Deep-chilling trauma patients to try to save them

By Associated Press 11/14/11
WASHINGTON -- Suspended animation may not be just for sci-fi movies anymore: Trauma surgeons soon will try plunging some critically injured people into a deep chill -- cooling their body temperatures as low as 50 degrees -- in hopes of saving their lives.
Many trauma patients have injuries that should be fixable but they bleed to death before doctors can patch them up. The new theory: Putting them into extreme hypothermia just might allow them to survive without brain damage for about an hour so surgeons can do their work.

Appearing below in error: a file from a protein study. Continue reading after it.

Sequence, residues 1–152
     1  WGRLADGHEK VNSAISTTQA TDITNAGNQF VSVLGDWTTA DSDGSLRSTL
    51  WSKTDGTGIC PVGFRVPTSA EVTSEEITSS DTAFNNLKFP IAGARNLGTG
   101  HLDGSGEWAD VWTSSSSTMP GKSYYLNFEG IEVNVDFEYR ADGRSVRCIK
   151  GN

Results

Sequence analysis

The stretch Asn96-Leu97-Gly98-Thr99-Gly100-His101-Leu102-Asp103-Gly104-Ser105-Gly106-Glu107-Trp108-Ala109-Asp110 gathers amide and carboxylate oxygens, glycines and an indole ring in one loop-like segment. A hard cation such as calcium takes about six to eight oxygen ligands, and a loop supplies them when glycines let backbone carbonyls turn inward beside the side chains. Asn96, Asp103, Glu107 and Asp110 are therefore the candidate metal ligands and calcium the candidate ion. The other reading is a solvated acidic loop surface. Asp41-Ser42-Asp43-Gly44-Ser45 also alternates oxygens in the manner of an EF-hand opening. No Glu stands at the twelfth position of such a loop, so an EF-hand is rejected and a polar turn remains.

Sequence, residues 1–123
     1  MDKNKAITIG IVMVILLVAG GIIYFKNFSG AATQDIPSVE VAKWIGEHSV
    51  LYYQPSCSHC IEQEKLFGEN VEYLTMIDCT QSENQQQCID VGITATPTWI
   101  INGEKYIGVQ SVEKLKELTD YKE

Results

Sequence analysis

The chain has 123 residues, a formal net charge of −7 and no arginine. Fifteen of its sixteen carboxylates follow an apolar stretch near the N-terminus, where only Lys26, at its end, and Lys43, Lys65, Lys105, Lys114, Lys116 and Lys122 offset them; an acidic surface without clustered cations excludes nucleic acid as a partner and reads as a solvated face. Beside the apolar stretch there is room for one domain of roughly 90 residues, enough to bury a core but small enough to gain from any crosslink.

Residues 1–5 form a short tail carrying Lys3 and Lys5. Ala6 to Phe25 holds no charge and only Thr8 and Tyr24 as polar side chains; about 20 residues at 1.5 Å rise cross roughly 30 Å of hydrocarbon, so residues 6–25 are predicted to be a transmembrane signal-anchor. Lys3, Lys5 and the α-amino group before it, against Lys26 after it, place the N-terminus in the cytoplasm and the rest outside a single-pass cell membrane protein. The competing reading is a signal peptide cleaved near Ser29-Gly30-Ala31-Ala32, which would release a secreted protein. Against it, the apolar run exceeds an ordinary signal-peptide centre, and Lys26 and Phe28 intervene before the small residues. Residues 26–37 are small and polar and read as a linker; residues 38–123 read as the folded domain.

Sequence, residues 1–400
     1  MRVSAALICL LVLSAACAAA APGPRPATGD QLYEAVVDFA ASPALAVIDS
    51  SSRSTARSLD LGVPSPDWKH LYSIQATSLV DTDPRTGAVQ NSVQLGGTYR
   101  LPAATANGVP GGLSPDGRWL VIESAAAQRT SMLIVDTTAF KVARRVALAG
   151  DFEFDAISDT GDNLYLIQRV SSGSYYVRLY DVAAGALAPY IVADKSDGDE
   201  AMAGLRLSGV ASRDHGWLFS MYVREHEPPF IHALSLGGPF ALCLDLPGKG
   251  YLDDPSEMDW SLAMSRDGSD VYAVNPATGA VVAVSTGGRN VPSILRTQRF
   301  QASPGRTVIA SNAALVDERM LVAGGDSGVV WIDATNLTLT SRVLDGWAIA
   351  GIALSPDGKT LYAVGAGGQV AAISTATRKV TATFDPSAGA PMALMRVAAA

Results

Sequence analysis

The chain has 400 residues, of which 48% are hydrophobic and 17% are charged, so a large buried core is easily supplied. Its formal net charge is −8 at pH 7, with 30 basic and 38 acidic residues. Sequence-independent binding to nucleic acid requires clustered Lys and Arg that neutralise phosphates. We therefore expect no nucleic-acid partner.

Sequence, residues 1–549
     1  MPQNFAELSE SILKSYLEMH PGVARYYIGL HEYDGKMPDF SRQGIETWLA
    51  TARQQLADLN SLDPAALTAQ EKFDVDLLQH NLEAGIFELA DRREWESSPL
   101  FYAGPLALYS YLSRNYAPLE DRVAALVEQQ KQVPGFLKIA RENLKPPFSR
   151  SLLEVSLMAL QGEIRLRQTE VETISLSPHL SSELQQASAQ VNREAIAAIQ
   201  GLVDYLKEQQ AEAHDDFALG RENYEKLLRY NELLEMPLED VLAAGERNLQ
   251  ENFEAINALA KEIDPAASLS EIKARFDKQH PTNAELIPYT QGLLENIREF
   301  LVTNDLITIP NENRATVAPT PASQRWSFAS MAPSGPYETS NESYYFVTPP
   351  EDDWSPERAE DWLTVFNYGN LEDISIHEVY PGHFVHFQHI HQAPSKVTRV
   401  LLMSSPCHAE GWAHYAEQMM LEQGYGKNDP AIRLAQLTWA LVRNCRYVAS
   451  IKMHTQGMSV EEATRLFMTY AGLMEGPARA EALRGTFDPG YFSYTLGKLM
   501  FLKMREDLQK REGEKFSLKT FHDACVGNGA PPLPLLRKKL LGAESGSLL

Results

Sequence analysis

In a high-stakes experiment funded by the Defense Department, the University of Pittsburgh Medical Center is preparing to test that strategy on a handful of trauma victims who are bleeding so badly from gunshots, stab wounds or similar injuries that their hearts stop beating. Today when that happens, a mere 7 percent of patients survive.
Get cold enough and "you do OK with no blood for a while," says lead researcher Dr. Samuel Tisherman, a University of Pittsburgh critical care specialist. "We think we can buy time. We think it's better than anything else we have at the moment, and could have a significant impact in saving a bunch of patients."
Tisherman calls the rescue attempt "emergency preservation and resuscitation," EPR instead of CPR. His team plans to begin testing it early next year in Pittsburgh and then the University of Maryland in Baltimore.